Ultimately, the solution to this dilemma of declining membership can only be achieved by individual Lodge members, with the assistance and support of their respective Lodges. Grand Lodges can play peripheral supporting roles in membership development (e.g. membership development seminars, membership development grants, membership brochures, and the like). And, in my opinion, SGL can play a significant role as well. But, currently, SGL’s structure prevents it from helping to overcome our membership decline. Rather, the structure of SGL is a structure of inertia, not progress. It is structured to preserve the status quo. And what is the status quo? It is 60 years of membership declines. No one should want to preserve that.
So, what do I suggest? Here are the four structural changes at SGL which, I hope, can be accomplished in the near future:
1. SGL should be structured more like a “House of Representatives” rather than like a “Senate.” Currently, every jurisdiction receives the same number of votes at SGL. This is inherently unfair. A jurisdiction with less than 200 members receives the same 2 votes as does a jurisdiction with over 4,000 members. I would suggest a modification of this structure which would not deprive any jurisdiction of its present representative numbers, but would grant larger jurisdictions some modicum of equity. So, for example, while every jurisdiction would receive the minimum of two representatives, some jurisdictions would receive a total of 3, 4, 5, 6 or 7 representatives, depending on the number of members in that jurisdiction. It won’t be a full “one person-one vote” equity – but it would go a long way to providing a fairer and more representative voting system. And it certainly would recognize jurisdictions that are growing.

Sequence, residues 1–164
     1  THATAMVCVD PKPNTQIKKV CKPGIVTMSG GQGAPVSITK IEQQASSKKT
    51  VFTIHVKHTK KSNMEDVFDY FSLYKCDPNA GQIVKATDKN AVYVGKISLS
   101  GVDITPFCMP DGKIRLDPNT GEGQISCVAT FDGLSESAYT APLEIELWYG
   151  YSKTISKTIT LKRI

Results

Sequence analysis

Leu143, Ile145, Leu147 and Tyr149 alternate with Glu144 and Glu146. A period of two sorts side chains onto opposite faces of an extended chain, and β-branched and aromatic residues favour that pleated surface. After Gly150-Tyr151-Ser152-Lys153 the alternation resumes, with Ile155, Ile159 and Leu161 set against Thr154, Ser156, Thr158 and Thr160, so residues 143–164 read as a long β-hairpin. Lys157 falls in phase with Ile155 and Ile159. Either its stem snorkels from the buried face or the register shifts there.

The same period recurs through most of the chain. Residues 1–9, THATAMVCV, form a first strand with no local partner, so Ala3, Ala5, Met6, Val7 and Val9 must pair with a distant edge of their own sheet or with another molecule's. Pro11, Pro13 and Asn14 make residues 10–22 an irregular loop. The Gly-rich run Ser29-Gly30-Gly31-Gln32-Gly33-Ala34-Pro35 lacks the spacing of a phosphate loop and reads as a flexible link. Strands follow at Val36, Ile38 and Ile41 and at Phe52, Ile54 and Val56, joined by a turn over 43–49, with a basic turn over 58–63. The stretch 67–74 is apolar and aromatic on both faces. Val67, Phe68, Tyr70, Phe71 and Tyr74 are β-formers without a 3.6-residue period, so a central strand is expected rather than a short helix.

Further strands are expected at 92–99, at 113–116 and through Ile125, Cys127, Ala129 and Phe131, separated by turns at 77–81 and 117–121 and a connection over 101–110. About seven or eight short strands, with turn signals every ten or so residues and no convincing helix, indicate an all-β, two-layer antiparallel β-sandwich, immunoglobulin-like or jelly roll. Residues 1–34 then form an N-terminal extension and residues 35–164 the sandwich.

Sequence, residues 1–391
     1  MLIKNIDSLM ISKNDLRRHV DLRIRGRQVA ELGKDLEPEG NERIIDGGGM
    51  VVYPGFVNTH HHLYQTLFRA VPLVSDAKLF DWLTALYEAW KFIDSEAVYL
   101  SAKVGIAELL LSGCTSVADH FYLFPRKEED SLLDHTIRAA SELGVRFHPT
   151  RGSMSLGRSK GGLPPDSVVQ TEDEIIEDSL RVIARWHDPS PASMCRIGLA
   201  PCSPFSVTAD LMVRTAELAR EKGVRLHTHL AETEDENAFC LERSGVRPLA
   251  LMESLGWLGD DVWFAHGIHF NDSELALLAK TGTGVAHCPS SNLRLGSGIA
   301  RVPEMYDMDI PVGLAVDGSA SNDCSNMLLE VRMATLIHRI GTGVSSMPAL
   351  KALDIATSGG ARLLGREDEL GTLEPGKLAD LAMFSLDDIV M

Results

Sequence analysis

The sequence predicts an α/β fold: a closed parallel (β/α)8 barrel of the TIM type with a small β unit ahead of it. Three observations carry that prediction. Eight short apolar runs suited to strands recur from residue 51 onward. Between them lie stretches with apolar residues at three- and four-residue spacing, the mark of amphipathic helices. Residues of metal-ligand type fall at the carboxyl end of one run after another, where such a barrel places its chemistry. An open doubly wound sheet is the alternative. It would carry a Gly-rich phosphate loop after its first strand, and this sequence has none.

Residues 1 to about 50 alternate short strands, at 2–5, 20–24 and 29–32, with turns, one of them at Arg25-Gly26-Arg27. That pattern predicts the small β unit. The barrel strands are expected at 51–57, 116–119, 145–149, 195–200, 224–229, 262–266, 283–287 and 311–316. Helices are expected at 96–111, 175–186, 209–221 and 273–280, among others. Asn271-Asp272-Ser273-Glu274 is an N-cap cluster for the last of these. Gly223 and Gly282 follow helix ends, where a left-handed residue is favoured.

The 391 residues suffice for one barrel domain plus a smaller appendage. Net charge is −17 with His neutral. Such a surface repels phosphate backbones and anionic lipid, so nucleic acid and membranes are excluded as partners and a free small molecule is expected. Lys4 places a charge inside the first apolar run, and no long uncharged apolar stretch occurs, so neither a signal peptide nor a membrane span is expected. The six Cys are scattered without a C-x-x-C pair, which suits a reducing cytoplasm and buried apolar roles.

2. SGL needs to be able to move a lot faster. Currently, for example, it takes literally years for changes to be made in ritual, if they happen at all. I know, for example, that representatives from California a few years ago, proposed some relatively simple (but important) changes to an Encampment degree that would have eliminated some blatantly racist and offensive passages. To this day, the changes have not been made. This inertia discourages members, and leaves in place language that is outmoded, or stilted, or even offensive. Another example, is the oath taken by new members in the Initiatory Degree. That oath is the longest I have ever heard. It’s length is downright painful. It takes over five minutes for new members to recite this oath. Heck, the oaths taken by the President of the United States, or a Governor, or a Judge are also important – but they are about one-tenth the length of this degree oath in Odd Fellowship. Can it be readily modernized and shortened? Apparently, not.